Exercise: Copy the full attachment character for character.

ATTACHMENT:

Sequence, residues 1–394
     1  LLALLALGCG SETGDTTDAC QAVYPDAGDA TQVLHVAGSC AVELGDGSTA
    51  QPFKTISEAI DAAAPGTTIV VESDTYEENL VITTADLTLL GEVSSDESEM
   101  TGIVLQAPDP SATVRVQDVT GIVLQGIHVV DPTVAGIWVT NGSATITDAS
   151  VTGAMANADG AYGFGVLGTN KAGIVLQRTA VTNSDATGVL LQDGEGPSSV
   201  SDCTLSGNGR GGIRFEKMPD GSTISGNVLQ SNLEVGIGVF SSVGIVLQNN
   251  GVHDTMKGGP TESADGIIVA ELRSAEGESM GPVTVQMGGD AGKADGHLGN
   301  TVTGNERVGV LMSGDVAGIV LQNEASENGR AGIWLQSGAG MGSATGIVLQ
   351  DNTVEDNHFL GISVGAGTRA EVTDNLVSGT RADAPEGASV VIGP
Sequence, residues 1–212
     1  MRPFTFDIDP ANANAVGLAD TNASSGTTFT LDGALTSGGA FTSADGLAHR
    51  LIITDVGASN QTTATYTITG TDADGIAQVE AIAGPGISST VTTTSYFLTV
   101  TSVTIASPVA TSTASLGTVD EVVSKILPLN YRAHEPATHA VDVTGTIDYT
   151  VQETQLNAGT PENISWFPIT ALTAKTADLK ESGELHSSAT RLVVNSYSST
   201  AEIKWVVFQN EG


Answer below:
Sequence, residues 1–394
     1  LLALLALGCG SETGDTTDAC QAVYPDAGDA TQVLHVAGSC AVELGDGSTA
    51  QPFKTISEAI DAAAPGTTIV VESDTYEENL VITTADLTLL GEVSSDESEM
   101  TGIVLQAPDP SATVRVQDVT GIVLQGIHVV DPTVAGIWVT NGSATITDAS
   151  VTGAMANADG AYGFGVLGTN KAGIVLQRTA VTNSDATGVL LQDGEGPSSV
   201  SDCTLSGNGR GGIRFEKMPD GSTISGNVLQ SNLEVGIGVF SSVGIVLQNN
   251  GVHDTMKGGP TESADGIIVA ELRSAEGESM GPVTVQMGGD AGKADGHLGN
   301  TVTGNERVGV LMSGDVAGIV LQNEASENGR AGIWLQSGAG MGSATGIVLQ
   351  DNTVEDNHFL GISVGAGTRA EVTDNLVSGT RADAPEGASV VIGP
Sequence, residues 1–212
     1  MRPFTFDIDP ANANAVGLAD TNASSGTTFT LDGALTSGGA FTSADGLAHR
    51  LIITDVGASN QTTATYTITG TDADGIAQVE AIAGPGISST VTTTSYFLTV
   101  TSVTIASPVA TSTASLGTVD EVVSKILPLN YRAHEPATHA VDVTGTIDYT
   151  VQETQLNAGT PENISWFPIT ALTAKTADLK ESGELHSSAT RLVVNSYSST
   201  AEIKWVVFQN EG